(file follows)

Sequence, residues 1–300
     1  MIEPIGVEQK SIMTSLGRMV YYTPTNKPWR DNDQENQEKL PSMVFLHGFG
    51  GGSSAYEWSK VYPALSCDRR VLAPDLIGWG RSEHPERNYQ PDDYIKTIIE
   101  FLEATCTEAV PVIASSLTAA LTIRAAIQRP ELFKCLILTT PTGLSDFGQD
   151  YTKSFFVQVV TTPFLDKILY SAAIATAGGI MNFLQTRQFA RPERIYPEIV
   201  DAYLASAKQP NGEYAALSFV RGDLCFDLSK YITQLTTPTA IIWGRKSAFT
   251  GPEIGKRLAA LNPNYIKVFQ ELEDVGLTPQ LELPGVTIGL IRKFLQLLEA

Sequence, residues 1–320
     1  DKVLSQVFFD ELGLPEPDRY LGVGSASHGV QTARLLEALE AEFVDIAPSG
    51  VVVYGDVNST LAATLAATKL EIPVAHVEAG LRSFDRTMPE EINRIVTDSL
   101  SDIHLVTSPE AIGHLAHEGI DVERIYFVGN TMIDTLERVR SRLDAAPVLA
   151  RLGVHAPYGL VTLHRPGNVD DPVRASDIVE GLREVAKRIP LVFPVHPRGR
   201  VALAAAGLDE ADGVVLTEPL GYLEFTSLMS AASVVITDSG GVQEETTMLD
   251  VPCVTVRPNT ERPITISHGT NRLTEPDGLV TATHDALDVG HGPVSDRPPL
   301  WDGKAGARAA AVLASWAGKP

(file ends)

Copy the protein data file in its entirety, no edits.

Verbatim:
Sequence, residues 1–300
     1  MIEPIGVEQK SIMTSLGRMV YYTPTNKPWR DNDQENQEKL PSMVFLHGFG
    51  GGSSAYEWSK VYPALSCDRR VLAPDLIGWG RSEHPERNYQ PDDYIKTIIE
   101  FLEATCTEAV PVIASSLTAA LTIRAAIQRP ELFKCLILTT PTGLSDFGQD
   151  YTKSFFVQVV TTPFLDKILY SAAIATAGGI MNFLQTRQFA RPERIYPEIV
   201  DAYLASAKQP NGEYAALSFV RGDLCFDLSK YITQLTTPTA IIWGRKSAFT
   251  GPEIGKRLAA LNPNYIKVFQ ELEDVGLTPQ LELPGVTIGL IRKFLQLLEA

Sequence, residues 1–320
     1  DKVLSQVFFD ELGLPEPDRY LGVGSASHGV QTARLLEALE AEFVDIAPSG
    51  VVVYGDVNST LAATLAATKL EIPVAHVEAG LRSFDRTMPE EINRIVTDSL
   101  SDIHLVTSPE AIGHLAHEGI DVERIYFVGN TMIDTLERVR SRLDAAPVLA
   151  RLGVHAPYGL VTLHRPGNVD DPVRASDIVE GLREVAKRIP LVFPVHPRGR
   201  VALAAAGLDE ADGVVLTEPL GYLEFTSLMS AASVVITDSG GVQEETTMLD
   251  VPCVTVRPNT ERPITISHGT NRLTEPDGLV TATHDALDVG HGPVSDRPPL
   301  WDGKAGARAA AVLASWAGKP